Oral health is not just a human concern. Animals need to be able to consume food in order to undergo cellular respiration. Without the ability to eat, animals die. Without a healthy mouth, this could ability could be undermined.
Most herbivores keep their teeth clean by gnawing and chewing on certain objects, like bone or branches. Domestic pets do the same, but often need our assistance.
Then there are of course animals like sharks and gators that have more teeth than they could ever run out of. But did you know there are animals out there with their own ‘dentists’?
The interaction is classified as a service-resource relationship. The white grouper has a mouth full of food debris and parasites. The shrimp literally enter the fish’s mouth and ‘clean’ the teeth by consuming the particles and organisms.
Davide Lopresti, a 33 year old Italian photographer, took breathtaking photos of this relationship in action. The area where he dived he’s described as the “Holy Grail” for underwater photographers.
The white grouper is a patient creature, allowing the shrimp to go about their business. When the grouper has had enough, it makes a slight motion, which signals to the shrimp to stop. The cleaning’s done and they leave.
This kind of ‘dental’ mutualism is fairly unique. Mutualism, however, is very prevalent in nature. Even ‘cleaning’ mutualism is a very common relationship. Cleaner fish consume the dead skin and parasites on bigger fish.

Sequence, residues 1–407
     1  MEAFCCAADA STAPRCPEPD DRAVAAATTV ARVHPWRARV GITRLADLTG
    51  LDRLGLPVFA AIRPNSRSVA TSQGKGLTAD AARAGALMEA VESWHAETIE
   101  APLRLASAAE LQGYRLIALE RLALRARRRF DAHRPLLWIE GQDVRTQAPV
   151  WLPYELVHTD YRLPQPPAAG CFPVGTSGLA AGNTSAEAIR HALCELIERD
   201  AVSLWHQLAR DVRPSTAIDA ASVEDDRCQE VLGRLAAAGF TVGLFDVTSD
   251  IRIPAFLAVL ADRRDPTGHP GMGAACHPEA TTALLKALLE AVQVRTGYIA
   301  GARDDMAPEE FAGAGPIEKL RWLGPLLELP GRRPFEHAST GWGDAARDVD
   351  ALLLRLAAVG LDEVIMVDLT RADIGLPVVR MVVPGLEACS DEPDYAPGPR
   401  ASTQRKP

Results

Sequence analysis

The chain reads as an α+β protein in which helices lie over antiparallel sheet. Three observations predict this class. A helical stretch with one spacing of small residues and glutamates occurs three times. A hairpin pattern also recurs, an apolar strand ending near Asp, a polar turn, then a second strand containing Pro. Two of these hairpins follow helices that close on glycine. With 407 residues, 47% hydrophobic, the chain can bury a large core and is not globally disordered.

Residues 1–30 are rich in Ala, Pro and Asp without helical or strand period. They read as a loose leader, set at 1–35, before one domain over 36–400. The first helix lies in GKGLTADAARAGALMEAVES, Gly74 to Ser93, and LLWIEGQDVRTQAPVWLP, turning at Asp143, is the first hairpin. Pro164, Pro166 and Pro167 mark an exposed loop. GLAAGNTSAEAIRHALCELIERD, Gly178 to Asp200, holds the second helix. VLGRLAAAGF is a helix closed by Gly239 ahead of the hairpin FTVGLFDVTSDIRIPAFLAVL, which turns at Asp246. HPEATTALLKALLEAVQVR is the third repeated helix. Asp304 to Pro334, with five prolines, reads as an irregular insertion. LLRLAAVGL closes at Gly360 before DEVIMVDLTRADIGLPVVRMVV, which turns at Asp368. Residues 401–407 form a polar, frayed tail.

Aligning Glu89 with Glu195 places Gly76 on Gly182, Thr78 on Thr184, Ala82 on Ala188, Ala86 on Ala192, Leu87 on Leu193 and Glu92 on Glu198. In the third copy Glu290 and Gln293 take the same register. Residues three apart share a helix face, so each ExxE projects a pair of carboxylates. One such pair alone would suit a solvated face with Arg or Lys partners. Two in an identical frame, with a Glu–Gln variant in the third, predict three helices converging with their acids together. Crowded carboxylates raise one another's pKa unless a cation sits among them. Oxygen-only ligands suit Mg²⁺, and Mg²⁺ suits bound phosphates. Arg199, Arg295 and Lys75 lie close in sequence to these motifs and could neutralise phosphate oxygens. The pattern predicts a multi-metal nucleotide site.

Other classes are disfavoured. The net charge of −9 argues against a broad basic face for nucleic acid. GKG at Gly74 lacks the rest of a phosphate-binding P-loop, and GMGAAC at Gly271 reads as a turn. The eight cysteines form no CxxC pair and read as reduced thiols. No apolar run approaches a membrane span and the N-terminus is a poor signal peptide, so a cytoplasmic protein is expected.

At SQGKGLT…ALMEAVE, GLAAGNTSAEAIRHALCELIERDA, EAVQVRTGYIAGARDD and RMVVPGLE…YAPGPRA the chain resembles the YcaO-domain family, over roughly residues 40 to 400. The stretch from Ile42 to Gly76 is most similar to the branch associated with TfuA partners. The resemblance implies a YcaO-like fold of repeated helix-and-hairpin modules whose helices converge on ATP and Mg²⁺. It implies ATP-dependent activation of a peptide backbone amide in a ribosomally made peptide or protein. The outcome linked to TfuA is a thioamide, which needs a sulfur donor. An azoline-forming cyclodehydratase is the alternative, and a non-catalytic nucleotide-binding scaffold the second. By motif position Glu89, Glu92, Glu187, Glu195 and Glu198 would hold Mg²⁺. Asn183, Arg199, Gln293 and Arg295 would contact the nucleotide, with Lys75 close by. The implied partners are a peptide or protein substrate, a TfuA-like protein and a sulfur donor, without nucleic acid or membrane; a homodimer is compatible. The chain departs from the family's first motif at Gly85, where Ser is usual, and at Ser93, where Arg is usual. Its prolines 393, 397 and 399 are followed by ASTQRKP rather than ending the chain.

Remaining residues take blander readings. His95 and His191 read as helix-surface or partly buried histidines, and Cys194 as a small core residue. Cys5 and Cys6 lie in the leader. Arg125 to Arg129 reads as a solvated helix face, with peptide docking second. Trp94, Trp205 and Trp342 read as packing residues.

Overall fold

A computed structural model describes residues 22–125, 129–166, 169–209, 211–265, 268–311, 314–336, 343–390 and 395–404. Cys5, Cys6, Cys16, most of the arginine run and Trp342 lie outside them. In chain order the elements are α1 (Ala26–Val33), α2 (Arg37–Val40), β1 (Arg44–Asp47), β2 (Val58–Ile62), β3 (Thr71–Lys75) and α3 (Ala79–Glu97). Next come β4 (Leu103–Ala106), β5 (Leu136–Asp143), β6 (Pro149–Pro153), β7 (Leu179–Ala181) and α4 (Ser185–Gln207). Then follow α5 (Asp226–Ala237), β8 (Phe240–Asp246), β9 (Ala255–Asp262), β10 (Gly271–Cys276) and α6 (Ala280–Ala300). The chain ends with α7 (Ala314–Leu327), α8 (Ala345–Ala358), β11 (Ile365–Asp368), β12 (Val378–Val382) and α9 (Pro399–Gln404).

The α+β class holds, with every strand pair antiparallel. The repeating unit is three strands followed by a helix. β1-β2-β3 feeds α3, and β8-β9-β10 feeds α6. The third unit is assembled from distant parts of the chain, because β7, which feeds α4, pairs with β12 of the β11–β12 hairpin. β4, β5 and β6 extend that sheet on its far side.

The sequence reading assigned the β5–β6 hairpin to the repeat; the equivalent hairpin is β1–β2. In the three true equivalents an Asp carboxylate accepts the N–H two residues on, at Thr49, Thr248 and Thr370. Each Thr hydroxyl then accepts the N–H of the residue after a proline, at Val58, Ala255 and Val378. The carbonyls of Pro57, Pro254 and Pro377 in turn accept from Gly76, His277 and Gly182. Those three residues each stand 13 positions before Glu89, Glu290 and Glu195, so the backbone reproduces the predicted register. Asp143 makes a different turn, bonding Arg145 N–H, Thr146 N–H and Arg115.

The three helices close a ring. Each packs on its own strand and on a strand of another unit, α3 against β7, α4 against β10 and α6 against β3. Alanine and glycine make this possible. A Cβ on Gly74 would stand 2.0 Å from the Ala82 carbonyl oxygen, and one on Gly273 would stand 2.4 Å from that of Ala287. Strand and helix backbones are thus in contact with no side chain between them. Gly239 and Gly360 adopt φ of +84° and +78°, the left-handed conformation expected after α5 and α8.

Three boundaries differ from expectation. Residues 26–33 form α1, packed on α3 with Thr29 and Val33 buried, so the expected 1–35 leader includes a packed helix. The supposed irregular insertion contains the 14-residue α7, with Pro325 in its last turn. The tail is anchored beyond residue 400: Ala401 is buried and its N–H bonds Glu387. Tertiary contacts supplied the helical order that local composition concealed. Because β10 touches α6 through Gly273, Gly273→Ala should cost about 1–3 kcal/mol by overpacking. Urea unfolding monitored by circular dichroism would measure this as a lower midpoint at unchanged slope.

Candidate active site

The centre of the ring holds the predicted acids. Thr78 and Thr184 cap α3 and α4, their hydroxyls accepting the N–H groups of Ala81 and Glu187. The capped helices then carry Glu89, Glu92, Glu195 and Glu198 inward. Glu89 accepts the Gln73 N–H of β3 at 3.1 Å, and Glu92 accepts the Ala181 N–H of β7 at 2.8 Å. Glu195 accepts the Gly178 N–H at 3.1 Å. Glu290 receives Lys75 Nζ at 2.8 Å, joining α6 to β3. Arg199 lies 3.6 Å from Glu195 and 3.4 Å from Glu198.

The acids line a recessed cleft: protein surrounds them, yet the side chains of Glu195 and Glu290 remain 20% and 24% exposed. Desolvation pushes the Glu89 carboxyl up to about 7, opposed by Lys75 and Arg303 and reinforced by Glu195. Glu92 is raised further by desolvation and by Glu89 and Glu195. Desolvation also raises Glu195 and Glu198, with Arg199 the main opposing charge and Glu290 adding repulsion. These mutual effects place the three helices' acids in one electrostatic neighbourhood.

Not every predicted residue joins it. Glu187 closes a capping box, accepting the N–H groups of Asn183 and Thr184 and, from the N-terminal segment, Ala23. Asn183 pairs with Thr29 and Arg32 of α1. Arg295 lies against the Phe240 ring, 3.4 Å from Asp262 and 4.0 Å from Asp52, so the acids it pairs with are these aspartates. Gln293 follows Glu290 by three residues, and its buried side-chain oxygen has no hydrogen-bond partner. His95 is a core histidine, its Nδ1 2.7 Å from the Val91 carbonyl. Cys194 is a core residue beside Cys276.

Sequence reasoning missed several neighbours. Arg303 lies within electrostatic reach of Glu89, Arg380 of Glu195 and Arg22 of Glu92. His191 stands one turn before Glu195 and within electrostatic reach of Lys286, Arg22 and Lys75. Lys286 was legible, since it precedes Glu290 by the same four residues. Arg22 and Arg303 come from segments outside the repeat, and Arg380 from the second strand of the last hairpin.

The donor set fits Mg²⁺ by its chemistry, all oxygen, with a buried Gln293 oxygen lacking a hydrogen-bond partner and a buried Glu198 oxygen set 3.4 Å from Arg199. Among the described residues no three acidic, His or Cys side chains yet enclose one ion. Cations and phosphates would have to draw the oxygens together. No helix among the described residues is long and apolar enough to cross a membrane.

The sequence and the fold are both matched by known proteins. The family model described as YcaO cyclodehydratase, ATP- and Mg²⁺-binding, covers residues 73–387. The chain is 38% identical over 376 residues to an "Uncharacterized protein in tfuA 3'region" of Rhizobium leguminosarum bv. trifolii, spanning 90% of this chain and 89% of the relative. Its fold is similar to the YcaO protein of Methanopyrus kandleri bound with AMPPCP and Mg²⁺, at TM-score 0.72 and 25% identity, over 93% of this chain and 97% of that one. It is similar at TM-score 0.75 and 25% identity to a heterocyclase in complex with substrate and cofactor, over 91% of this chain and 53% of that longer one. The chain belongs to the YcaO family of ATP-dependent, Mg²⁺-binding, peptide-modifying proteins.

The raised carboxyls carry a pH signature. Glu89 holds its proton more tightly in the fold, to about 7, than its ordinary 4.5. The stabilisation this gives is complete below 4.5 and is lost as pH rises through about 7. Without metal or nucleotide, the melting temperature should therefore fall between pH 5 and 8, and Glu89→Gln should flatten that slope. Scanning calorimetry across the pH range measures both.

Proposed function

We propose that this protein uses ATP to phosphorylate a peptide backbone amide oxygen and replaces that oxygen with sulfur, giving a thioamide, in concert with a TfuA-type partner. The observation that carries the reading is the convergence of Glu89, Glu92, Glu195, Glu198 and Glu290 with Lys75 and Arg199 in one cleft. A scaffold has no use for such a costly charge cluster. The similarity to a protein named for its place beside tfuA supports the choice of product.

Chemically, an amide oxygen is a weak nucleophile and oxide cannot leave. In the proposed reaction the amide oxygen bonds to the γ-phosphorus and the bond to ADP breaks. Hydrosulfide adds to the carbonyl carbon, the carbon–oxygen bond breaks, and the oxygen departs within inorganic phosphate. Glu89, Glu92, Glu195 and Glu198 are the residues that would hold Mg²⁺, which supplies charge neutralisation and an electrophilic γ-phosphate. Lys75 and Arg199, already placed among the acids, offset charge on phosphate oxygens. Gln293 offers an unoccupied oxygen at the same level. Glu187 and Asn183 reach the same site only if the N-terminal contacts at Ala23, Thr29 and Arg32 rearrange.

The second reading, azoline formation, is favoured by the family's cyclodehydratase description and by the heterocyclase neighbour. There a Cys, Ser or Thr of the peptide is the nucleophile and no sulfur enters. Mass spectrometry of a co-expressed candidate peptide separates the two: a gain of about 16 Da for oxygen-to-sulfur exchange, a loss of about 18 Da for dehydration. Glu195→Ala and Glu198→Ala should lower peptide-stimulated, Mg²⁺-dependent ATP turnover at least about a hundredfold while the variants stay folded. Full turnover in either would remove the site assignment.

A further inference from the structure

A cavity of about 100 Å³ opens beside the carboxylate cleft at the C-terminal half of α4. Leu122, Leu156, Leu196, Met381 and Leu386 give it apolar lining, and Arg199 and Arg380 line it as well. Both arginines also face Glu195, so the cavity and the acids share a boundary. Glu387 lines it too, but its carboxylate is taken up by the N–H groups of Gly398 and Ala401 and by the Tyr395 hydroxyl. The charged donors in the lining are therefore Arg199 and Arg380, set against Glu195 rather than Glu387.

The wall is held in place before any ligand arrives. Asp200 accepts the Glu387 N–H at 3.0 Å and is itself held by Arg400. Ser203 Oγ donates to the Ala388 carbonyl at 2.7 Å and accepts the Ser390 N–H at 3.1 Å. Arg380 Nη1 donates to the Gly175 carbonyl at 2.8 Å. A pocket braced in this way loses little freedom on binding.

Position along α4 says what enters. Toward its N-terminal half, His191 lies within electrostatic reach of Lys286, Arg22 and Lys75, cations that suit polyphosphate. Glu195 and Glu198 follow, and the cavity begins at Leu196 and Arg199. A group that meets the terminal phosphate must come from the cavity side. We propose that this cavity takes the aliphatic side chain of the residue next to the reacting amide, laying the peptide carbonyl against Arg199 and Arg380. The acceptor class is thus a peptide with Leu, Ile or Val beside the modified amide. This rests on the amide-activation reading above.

Other service-resource relationships include pollination. The bees receive the food resource: pollen or nectar. They provide the service of pollen dispersal for the flower.
In the vast savannas of Africa, impalas often find themselves infested with ticks. Luckily, they too have their own cleaners. Birds like the red-billed oxpecker pick off the ticks for their meal ticket.
Humans, of course, too have mutual relationships with different species. On a microscopic level, bacteria in our gut help digest certain foods that our digestive system cannot do alone. They provide a service, we the resources.
On a macroscopic level, one only has to look to man’s best friend. The domestication of dogs is an example of service-service/resource mutualism. They perform tasks like helping in herding in exchange for food and protection.
And, the most obvious level of mutualism, is between humans. In a very relevant service-resource relationship, one human provides a resource—money—in exchange for an almost invaluable service—dental treatment.